The April issue of Smithsonian Magazine features a photograph that I made on assignment in Washington, D.C. last November. I was invited by the magazine to make an image of the Green Book, a guide first published in 1937 for African Americans who traveled by car and needed to navigate the segregated United States. The magazine was started by Victor H. Green, a black postal carrier from Harlem. It began as a slim, 15-page directory with recommendations in the New York area and listed safe places for black travelers to visit. These included gas stations, hotels, beauty salons, golf courses and even individuals who welcomed people into their homes. The guidebook grew as people contributed to the directory and eventually this publication encompassed areas outside of the U.S. You can read the story here. The image was created using the wet-plate collodion technique, known as an Ambrotype, a photographic process that dates back to about 1851 and was used as documentary photography tool during the American Civil War. I have used this process for a variety of applications from magazine stories to personal projects.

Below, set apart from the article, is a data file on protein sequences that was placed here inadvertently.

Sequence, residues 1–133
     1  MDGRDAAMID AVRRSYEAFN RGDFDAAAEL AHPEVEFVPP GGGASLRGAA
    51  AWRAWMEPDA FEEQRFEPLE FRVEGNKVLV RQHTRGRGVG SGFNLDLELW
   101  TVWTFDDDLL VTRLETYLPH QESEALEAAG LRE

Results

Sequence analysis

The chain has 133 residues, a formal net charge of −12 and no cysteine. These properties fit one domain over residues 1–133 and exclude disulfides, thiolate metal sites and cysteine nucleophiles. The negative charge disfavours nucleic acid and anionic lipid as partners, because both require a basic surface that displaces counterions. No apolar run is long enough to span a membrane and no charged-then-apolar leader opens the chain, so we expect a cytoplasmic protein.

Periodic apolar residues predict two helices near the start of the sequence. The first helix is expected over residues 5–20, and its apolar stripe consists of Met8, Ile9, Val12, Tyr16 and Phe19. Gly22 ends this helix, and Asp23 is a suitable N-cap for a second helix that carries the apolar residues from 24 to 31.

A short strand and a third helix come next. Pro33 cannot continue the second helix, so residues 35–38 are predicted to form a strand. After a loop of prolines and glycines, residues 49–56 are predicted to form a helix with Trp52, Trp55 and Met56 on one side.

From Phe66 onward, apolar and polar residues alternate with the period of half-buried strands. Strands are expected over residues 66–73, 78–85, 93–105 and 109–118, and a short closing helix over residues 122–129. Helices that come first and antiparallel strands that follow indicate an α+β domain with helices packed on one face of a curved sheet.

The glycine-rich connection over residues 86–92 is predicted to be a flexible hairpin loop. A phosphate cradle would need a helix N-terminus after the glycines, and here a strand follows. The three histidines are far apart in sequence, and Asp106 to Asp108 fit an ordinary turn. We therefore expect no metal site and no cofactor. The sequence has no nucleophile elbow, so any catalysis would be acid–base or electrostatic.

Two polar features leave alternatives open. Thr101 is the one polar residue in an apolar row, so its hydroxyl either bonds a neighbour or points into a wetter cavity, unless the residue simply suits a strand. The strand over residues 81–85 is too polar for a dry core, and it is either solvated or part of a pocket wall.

Any ink is good ink and this morning I was pleased to read a review in The Oregonian of the group show that my work is in at the Froelick Gallery called, “Equine.” I made the piece that was curated into this show for my last exhibition, ” r e s t r a i n t.” When the gallery owner saw the piece, he decided to hold it for this show. The image is of a bridle with blinders and made with the wet plate collodion process. This piece has sold to a private collector, but I’ve included the image below and there is a link to the review here. It’s always satisfying when an arts writer understands the territory I’m negotiating with my work and this brief review is no exception. Thank you Bob Hicks!
"Horse Bridle with Blinders," 5x4", ambrotype, 2011
Since that show, I’ve been busily filling print orders and taking assignments and have not had a large enough block of time to get back into the wet darkroom… until now! Often I use my holiday card as a conceptually simplistic way to get my creative ball rolling again. I’m looking forward to continuing to work in the wet-plate process making not only ambrotypes, but also ferrotypes. Happy Holidays!